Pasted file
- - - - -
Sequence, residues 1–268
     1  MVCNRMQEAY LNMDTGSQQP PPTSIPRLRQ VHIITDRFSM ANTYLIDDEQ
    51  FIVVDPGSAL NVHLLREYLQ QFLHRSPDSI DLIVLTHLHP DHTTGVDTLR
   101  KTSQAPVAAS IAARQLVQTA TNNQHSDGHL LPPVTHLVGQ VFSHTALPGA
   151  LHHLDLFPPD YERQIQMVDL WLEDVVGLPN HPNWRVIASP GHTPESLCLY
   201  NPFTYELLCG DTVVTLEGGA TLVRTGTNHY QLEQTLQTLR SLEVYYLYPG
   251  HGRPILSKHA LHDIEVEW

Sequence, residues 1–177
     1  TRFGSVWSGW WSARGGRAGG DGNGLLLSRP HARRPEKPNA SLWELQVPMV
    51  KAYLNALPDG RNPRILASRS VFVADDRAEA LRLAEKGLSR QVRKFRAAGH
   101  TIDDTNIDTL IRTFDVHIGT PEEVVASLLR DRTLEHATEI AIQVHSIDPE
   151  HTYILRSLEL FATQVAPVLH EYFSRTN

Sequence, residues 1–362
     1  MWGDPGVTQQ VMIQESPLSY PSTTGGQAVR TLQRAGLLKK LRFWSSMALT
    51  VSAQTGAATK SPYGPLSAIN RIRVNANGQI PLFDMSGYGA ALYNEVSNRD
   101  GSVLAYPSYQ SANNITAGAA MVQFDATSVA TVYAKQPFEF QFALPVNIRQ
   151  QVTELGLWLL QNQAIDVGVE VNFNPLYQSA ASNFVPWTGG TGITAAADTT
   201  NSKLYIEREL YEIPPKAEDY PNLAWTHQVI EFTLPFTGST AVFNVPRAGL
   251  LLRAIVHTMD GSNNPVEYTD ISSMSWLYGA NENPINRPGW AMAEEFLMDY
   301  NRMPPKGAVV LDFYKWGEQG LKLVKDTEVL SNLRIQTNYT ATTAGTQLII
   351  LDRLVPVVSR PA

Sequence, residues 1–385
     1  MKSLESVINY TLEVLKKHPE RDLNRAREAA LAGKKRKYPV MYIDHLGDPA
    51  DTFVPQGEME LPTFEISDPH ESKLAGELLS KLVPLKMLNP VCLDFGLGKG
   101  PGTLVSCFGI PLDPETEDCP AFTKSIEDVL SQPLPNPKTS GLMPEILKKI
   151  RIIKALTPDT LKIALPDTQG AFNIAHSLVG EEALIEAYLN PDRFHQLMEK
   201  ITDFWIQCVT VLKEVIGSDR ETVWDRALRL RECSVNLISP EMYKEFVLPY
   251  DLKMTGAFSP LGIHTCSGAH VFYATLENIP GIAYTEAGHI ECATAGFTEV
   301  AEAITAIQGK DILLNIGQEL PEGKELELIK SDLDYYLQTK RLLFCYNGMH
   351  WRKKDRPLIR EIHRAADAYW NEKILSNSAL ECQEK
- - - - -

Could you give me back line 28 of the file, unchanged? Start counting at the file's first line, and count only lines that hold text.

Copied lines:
   251  DLKMTGAFSP LGIHTCSGAH VFYATLENIP GIAYTEAGHI ECATAGFTEV